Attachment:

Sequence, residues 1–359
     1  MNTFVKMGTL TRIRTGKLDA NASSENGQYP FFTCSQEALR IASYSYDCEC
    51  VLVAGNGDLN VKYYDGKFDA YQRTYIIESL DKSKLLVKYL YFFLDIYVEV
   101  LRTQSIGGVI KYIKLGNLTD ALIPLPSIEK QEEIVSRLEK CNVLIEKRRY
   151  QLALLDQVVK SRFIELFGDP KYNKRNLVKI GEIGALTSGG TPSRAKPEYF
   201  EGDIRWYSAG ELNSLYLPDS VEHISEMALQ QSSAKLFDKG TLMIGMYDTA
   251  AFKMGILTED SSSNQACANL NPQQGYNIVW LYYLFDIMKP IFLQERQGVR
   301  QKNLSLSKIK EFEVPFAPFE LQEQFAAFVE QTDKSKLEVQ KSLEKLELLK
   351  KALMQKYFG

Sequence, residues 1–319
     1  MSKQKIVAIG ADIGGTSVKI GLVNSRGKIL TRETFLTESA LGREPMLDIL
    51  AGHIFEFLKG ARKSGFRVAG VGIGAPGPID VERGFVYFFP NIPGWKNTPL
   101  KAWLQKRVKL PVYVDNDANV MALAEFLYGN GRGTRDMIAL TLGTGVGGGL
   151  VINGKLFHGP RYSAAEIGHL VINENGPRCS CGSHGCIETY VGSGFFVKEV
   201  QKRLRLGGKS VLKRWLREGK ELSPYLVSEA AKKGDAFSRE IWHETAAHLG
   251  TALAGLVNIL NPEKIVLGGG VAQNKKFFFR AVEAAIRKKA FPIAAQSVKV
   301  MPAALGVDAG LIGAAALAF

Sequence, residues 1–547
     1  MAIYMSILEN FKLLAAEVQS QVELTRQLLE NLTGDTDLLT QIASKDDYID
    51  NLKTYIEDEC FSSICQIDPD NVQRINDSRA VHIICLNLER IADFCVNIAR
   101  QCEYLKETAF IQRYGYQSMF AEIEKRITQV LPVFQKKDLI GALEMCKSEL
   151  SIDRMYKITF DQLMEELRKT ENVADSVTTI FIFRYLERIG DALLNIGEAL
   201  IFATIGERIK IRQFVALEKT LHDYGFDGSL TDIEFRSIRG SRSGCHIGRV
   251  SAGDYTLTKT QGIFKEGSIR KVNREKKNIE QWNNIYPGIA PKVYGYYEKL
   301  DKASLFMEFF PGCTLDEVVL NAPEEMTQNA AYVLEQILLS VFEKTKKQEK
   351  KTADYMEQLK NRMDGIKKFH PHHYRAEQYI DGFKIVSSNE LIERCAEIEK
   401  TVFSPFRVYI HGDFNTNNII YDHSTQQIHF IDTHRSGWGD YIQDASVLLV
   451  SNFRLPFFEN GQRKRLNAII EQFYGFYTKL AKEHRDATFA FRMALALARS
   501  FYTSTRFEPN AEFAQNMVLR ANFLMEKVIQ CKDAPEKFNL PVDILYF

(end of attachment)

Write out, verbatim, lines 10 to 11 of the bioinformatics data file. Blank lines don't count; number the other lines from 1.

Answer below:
Sequence, residues 1–319
     1  MSKQKIVAIG ADIGGTSVKI GLVNSRGKIL TRETFLTESA LGREPMLDIL